Best Practices for Data Management Using DataOps

DataOps Best Practices

By: Jim Azar, Sr. Vice President, CTO

For enterprises to achieve DataOps, both elements – Data and Ops – need to align in the right spot. At a fundamental level, DataOps brings forth technical practices, workflows, cultural mindset, and architecture parts so that enterprises can aim for rapid innovation and higher application velocity.

This enables organizations to achieve high accuracy, fewer mistakes, and extraordinary agility with their data.

Data Management needs an Agile Development Approach

Just as in software development, the results can be quite disruptive whenever an agile and lean approach is injected into a scenario. One gets to gain real efficiency and speed with the underlying tools and processes. The same effect happens when a lightweight and collaborative shift is applied across the realm of data management, assessment, and application.

  • It is simply the ‘Theory of Constraints’ manifesting its agile power on the landscape of data.
  • It creates a better quality of data without delays and errors, any confusion, and actionable textures.
  • It all boils down to an extremely lean, agile, process-oriented methodology for developing and delivering analytics.

Here, the emphasis is on automated tests or statistical process controls to validate all data entry in the system, including inputs, outputs, and business logic. A real-time flavor is injected for status, warning, and failure alerts. It empowers teams to stop fatal errors proactively, so these errors never step into the data analytics pipeline. Any processing errors are also grabbed mid-pipeline, thus helping to stop corruption and improve uptime.

With DataOps, DevOps teams come closer to data engineers, data analysts, data developers, data engineers, and data scientists and work together as a data-focused enterprise.

The basic approaches of reduced wastage, lean principles, and agile methodology work their wonders here. The results are improved responsiveness, augmented context, and real impact derived from data.

Data Management Best Practices with DataOps

Here are some key traits that add gravity and impact to DataOps.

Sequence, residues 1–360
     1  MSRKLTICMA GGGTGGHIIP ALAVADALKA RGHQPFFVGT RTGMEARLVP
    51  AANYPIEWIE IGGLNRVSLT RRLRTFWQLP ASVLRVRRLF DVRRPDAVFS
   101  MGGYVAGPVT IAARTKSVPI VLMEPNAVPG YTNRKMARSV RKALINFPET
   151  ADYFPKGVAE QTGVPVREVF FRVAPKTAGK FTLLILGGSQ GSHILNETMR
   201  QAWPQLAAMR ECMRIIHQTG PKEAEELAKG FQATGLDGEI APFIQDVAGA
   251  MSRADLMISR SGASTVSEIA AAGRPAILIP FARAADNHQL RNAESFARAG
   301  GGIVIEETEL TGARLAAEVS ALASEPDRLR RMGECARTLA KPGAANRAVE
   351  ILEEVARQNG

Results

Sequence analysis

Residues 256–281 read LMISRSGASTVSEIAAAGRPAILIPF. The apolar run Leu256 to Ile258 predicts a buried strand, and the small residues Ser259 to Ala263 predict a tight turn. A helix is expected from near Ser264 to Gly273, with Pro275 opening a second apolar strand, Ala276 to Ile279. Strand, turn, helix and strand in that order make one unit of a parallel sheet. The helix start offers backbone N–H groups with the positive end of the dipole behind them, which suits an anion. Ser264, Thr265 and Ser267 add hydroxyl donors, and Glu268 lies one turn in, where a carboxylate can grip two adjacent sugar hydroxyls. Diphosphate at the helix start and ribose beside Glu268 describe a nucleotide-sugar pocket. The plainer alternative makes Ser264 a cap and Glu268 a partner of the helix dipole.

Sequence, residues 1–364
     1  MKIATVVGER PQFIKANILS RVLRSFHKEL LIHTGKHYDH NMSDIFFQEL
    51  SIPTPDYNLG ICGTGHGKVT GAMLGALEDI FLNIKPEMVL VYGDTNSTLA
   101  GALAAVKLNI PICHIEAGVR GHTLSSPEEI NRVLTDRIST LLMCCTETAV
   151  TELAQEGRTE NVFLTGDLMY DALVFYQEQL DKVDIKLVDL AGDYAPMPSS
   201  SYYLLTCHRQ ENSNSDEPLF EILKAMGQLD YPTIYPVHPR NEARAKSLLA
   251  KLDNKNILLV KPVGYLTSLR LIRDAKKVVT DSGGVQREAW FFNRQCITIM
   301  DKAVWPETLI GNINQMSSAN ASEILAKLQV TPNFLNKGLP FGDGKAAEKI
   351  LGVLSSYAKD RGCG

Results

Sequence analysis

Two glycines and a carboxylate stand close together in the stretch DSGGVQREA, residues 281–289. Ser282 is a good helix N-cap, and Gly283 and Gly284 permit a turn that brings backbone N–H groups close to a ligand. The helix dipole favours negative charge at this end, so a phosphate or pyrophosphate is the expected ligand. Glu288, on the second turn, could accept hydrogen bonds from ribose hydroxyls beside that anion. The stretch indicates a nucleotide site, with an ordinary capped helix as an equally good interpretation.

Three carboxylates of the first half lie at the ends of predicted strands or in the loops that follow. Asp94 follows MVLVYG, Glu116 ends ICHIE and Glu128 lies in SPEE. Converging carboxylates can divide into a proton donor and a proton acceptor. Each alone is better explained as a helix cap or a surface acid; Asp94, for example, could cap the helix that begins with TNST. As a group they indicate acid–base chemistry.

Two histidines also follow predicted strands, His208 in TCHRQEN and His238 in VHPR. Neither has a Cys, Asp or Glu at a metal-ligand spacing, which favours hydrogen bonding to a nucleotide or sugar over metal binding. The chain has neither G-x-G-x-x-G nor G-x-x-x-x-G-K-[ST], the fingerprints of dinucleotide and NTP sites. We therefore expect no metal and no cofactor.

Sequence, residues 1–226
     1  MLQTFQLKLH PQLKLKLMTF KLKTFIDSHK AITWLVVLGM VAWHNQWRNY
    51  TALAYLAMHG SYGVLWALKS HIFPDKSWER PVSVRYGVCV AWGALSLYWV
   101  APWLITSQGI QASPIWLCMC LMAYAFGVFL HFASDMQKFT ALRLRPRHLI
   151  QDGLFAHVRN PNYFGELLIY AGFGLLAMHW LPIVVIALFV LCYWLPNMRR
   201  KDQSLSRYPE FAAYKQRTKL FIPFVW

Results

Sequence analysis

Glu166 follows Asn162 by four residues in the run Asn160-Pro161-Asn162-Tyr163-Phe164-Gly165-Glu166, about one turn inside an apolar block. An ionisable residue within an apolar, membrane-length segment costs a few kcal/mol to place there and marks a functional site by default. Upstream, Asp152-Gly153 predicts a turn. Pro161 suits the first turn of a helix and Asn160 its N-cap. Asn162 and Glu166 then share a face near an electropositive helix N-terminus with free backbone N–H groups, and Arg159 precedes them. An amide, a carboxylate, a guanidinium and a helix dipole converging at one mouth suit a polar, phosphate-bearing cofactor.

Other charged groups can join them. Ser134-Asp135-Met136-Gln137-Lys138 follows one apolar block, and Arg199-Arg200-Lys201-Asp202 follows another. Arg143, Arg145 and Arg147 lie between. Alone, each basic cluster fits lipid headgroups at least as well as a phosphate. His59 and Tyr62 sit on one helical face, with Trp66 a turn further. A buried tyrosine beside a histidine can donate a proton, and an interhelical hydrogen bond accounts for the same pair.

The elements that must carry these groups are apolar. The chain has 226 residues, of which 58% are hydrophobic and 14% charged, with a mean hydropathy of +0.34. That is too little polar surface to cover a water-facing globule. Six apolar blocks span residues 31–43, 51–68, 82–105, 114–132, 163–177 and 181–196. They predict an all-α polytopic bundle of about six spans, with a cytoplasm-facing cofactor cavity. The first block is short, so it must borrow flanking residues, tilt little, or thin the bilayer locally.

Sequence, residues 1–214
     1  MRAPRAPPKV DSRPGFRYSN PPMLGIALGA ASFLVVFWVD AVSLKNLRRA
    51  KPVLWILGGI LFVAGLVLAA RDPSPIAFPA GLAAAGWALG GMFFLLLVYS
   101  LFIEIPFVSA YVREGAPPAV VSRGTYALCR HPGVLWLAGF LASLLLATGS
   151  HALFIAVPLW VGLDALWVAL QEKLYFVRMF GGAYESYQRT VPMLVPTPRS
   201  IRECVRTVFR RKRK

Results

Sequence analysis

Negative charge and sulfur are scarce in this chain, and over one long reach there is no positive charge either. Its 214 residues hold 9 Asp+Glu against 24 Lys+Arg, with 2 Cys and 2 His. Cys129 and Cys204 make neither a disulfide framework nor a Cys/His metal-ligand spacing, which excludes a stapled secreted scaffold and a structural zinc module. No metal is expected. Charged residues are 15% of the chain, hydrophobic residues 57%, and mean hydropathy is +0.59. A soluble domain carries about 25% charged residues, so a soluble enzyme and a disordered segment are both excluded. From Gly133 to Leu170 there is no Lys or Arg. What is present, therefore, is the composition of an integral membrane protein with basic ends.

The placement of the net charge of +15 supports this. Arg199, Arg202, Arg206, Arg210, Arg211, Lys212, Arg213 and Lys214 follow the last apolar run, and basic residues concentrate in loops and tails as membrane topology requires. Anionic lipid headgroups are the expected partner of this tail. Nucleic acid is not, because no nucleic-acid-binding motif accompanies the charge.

• Agile Development – Data teams publish analytics and reports as fast and iterative sprints. The work happens at rapid intervals and leads to continuous feedback.
  • Automate data-related processes – Just as lean manufacturing changes the very look of assembly lines in a data factory, DataOps orchestrates and manages the data factory with a new automation lever.
  • Treating Data as a Code – Data is used not as an afterthought but as the starting point of applications and solutions.
  • Friendly Applications – Simplicity and user context add immense advantages to applications in a DataOps model.
  • Eye on Production – The entire focus and context lean towards production-ready and practical highs and lows of performance.
  • Creation of Business Data Catalogs and Glossaries – Detailed and timely documentation helps the DataOps teams collaborate without gaps or translation loss. This is enabled through the right templates.
  • Minding the Storage – Instead of being an expense and baggage, storage turns into a strategic lever that drives the impact of DataOps.
  • Data is the Key – Data is the main character in the DataOps story – it cannot be stale. It needs to be managed with an entirely different perspective.
  • Efficient Data Distribution – Data is distributed across an agile and distributed pipeline to enable its usage in the right manner. Data moves fast and to the right places now.

Experts predict enterprises‌ ‌will‌ ‌see‌ ‌real‌ ‌gains‌ ‌in‌ ‌these‌ ‌efforts‌ ‌through‌ ‌the‌ ‌evolution‌ ‌and‌ ‌extension‌ ‌of‌ ‌DataOps‌ ‌to‌ ‌support‌ ‌trusted‌ ‌AI.‌ Gartner augured that‌ ‌the‌ ‌number‌ ‌of‌ ‌enterprises that operationalized‌ their‌ ‌AI‌ ‌efforts‌ ‌will‌ ‌grow‌ ‌from‌ ‌8 percent‌ ‌in‌ ‌2020‌ ‌to‌ ‌70 percent‌ ‌in‌ ‌2025‌.

DataOps has a pervasive impact. In an enterprise that embraces this approach, one can see fluid collaboration across people, technology stacks, and functions – no matter how complex the systems are.

It allows for a fresh approach to data measurement, monitoring, and value. It eliminates data islands, bottlenecks, poor configuration, and quality issues.

Now, data turns into information. And information is that power.

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